Having studied photography in Bournemouth, the sea air has clearly informed Oliver Marshall’s work, much of which is sited in Margate. The seaside town on the Kentish coast has proved the perfect muse for Oliver, and his thoughtfully framed and beautifully coloured imagery captures the faded glamour of Dreamland as well as it does a discarded cigarette butt or a pretty girl in furs. The young creative’s Instagram is a similarly rich treasure trove of imagery that veers from dreamy skies to detritus with skill and ease to form a body of work by a chap who we reckon is very commissionable indeed.
His work has arisen from not just a place of creativity, but one of pride. “Martin Parr once told me to quit, I suppose I’m trying to prove him wrong,” says Oliver. It was at the age of 16 as part of a local photography competition I was lucky enough to meet Martin Parr where I took the chance to show him my portfolio, which at the time was a combination of skatepark photos and portraits of my friends. Safe to say it was nothing special but something I was proud of.”
Studying in Bournemouth, Oliver said that at times he found the restrictions of the time were a helpful catalyst in seeing him travel around the UK, and explore different areas. “That led me to more ideas and personal projects,” he says.”The best thing about going to university for me was the luxury of time, to have three years to develop, focus and find a way of working that suits me, just having the time to go out and take photos with my friends.”
Oliver cites Tom Wood, Harley Weir, Jamie Hawksworth and Alec Soth having informed his work, and he says he looks to bygone eras for inspiration for his images.
“At the start of my second year my photography progressed when I started to shoot in a way that I was happy with and felt I could put my name to,” says Oliver. “I started to take my camera everywhere taking photos as much as I could practicing in various lighting conditions and experimenting with different types of film. My photography developed mostly outside of university work but without the resources it wouldn’t have been possible.”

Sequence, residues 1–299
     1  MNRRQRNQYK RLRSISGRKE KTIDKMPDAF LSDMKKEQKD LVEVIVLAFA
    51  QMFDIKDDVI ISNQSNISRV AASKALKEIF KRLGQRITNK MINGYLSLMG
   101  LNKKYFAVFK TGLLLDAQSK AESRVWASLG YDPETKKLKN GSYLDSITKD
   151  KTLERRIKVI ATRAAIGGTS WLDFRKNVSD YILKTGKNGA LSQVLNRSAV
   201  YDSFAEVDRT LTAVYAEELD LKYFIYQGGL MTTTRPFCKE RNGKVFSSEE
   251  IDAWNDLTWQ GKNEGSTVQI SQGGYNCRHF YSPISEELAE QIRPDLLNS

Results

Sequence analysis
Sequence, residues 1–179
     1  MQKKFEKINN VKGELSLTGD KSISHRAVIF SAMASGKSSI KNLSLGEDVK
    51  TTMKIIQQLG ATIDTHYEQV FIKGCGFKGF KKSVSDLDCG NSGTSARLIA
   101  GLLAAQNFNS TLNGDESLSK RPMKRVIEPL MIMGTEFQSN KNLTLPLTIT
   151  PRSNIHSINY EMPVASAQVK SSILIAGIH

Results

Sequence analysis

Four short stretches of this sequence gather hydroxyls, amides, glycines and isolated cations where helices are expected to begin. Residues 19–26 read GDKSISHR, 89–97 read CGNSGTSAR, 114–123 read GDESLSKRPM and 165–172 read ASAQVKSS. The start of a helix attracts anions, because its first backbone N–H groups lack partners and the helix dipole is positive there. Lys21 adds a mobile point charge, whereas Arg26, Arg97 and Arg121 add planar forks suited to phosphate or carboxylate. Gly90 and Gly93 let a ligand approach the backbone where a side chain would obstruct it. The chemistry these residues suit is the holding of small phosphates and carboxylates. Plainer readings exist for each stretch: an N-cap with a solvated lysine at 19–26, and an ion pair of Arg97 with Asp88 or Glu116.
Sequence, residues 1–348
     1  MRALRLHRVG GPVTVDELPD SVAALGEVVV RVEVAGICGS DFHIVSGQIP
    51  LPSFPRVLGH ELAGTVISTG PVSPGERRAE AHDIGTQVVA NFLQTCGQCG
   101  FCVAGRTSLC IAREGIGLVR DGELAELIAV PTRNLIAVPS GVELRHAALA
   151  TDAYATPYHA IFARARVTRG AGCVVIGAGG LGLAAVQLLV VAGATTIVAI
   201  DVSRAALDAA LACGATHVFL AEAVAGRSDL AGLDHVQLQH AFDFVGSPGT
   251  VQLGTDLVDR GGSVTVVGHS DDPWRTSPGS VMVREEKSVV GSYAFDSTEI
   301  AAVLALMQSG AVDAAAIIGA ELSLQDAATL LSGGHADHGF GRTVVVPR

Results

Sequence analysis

During his time at uni, The White Swan project was Oliver’s favourite. Inspired by the 1970s and featuring part of Topman’s SS15 collection, the series presented Oliver with more challenges than any other at uni, with lighting, location and models. “But overcoming these is why I think I am more attached to this work than any other,” he says. “That and the fact I got to watch a lot of Life On Mars as research material. In this project I got to revisit the pub I made a connection with from my foundation degree, I have a soft spot for old pub interiors its something about the colours, textures, patterns and lighting I can’t get enough of.”
After finishing uni, Oliver plans to move back to his hometown of Margate and continue working on his project The Greatest Show On Earth, which focuses on the re-generation of the town as Dreamland theme park re-opens.
“As long as I still have the time to go out and make photos, I’ll be happy wherever I end up in this next year, the most important part now for me is to continue making work and developing on what I have learnt over the three years of study,” he says.
G . F Smith
It’s Nice That’s Graduates 2016 is kindly supported by G . F Smith, whose gorgeous range of papers and services can be just the thing for new and soon-to-be creative grads. The 130-year-old paper company has a long history of working with designers and artists at all stages of their careers, with its high-quality and innovative paper products offering a huge range of creative possibilities.